A strong majority of Ohio voters passed the amendment, by roughly 57% to 43%. In response, the group of lawmakers said in a joint statement: “We will do everything in our power to prevent our laws from being removed based upon perception of intent.”

Gross joined three fellow Republicans to go even further, proposing legislation to prevent Ohio courts from interpreting any cases related to the abortion-rights amendment, known as Issue 1. Similar efforts have emerged in six other states since state courts became the new abortion battleground after the Dobbs decision on June 24, 2022, that overturned Roe v. Wade.

Douglas Keith, senior counsel to the Brennan Center for Justice’s Judiciary Program, said abortion politics prompted successful efforts to limit the power of state courts in Montana and Utah and unsuccessful legislation in Alaska and Kansas. Such bills are attempts to dismantle the government’s system of checks and balances, he said.

See also The Fight for Abortion Access in Ohio Isn't Over and Analysis: OH Legislature Threatens Jurisdiction Stripping to Prevent Enforcement of New Constitutional Amendment


Ohio Senate Leader Says After Issue 1 Vote, Abortion Won't be Back on the Ballot Soon

The Republican leader of the Ohio Senate says he doesn’t want an abortion amendment to change parts of Issue 1 passed by voters earlier this month to go before voters soon.

On Election Night, Senate President Matt Huffman (R-Lima) issued a statement saying he thinks there would be a “revolving door of ballot campaigns to repeal or replace Issue 1.” But Huffman said that doesn’t mean he wants to see another abortion amendment on the ballot right away.

“I don’t think there, certainly, should be anything on the ballot, certainly in '24 and we will have to see about that going forward," Huffman said.

Ohio's 2024 primary is in March, and the contests for the Republican nominations for president and U.S. Senate are likely to bring out GOP voters. But Huffman said, "I didn't say anything about putting something on the ballot in March."

Abortion also played a key role in the August special election, in which voters rejected a proposal to require 60% voter approval to pass future constitutional amendments. The abortion and reproductive rights amendment passed with just under 57%.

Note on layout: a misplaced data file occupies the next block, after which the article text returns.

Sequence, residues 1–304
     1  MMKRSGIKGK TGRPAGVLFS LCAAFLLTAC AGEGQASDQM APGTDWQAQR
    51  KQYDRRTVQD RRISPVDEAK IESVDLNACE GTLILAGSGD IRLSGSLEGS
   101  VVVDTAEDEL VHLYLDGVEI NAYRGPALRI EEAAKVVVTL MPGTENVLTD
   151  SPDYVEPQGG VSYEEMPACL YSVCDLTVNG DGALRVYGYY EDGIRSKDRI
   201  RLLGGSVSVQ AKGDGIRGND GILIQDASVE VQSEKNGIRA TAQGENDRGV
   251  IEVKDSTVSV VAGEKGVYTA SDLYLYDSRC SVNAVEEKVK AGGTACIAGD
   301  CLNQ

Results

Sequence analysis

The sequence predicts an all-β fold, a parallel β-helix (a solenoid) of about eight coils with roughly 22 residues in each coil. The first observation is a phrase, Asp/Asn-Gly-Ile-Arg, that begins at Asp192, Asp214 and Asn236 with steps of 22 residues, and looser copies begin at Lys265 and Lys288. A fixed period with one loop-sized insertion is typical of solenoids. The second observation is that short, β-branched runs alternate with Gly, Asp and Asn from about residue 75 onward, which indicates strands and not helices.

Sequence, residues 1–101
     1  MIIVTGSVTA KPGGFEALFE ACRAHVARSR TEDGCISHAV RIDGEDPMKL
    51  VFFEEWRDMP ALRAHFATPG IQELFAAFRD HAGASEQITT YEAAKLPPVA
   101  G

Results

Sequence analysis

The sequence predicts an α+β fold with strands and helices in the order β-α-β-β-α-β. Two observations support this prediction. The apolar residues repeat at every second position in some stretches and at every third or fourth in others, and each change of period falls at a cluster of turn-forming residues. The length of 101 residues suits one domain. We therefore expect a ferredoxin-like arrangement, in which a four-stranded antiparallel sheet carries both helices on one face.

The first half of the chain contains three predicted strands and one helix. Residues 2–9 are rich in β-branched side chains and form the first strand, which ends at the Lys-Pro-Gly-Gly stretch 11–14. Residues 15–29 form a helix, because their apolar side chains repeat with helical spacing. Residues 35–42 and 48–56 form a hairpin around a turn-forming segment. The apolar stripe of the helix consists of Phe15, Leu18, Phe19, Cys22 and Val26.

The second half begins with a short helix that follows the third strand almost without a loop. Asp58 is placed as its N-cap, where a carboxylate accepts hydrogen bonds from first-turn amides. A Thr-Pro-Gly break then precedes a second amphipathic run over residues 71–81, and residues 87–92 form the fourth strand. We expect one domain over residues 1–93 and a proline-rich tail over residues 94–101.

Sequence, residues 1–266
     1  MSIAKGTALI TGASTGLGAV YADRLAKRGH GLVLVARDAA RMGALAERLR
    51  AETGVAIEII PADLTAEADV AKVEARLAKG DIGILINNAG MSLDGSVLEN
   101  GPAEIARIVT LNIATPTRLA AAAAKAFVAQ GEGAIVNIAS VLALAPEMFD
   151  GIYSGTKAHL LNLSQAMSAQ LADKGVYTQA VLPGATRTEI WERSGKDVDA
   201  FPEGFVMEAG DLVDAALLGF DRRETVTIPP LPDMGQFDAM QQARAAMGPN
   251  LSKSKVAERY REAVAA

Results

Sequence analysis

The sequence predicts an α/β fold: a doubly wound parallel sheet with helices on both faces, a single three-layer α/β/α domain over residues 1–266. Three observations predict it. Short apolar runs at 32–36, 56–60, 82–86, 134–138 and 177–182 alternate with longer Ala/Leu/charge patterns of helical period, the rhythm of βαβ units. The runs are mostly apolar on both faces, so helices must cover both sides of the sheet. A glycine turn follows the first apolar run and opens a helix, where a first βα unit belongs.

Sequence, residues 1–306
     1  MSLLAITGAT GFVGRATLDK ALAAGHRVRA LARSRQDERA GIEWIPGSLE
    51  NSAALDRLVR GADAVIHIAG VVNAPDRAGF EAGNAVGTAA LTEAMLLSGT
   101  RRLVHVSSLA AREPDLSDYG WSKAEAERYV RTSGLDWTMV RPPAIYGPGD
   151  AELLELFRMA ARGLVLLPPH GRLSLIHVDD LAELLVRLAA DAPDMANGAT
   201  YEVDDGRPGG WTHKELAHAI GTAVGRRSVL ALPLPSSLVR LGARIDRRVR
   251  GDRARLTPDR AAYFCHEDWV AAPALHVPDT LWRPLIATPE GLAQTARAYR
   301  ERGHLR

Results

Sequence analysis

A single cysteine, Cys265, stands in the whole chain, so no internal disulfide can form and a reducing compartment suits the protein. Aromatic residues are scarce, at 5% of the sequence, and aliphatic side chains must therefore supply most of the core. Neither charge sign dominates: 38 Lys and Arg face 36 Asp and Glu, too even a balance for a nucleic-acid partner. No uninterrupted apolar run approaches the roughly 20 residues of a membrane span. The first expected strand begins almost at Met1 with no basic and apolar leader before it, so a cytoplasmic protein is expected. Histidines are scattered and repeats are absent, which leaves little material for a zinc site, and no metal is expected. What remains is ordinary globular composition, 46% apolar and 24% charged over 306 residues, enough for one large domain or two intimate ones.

House Speaker Jason Stephens (R-Kitts Hill) and Gov. Mike DeWine, who both strongly opposed Issue 1, have also said an abortion issue shouldn’t be on the ballot next year.


Ohio's Top Court to Consider How Issue 1 Affects Six-Week Abortion Ban                                                                                   

The Ohio Supreme Court, which has been considering a technical question about the state's ban on abortion after six weeks, asked the parties involved in the lawsuit to file written arguments on the impact of a constitutional amendment approved by voters last week.


November 21, 2023 in Abortion, Constitutional, Courts, Legislation, Reproductive Rights | Permalink | Comments (0)

Monday, November 20, 2023

Legal Challenge to Tennessee's Aggravated Prostitution Law

OUTMemphis sued Tennessee challenging its existing aggravated prostitution law on statutory and constitutional grounds. Read the full complaint here. The preliminary statement is excerpted here.

2.Unlike Prostitution, which is a misdemeanor, Aggravated Prostitution is a felony that requires lifetime registration as a “violent sex offender” pursuant to the Tennessee Sexual Offender and Violent Sexual Offender Registration, Verification and Tracking Act of 2004 (“TN-SORA”). This drastic difference in treatment turns solely on HIV status and is so unmoored from medical facts as to punish sexual encounters that pose no risk of HIV transmission.


3.While Aggravated Prostitution and its related registration requirements completely fail to protect public health, the laws immeasurably harm those they target. Jane Does 1–4 are transgender and cisgender women living with HIV, who were convicted of Aggravated Prostitution and must register as “sexual offenders” or “violent sexual offenders” for the rest of their lives under TN-SORA. They are joined as Plaintiffs in this matter by OUTMemphis, a non-profit organization that provides the LGBTQ+ community, including people convicted of Aggravated Prostitution or at risk of being charged with Aggravated Prostitution, with support with housing, employment, healthcare, and other needs. Together, Plaintiffs sue to end Tennessee’s irrational, discriminatory, and cruel and unusual treatment of people living with HIV.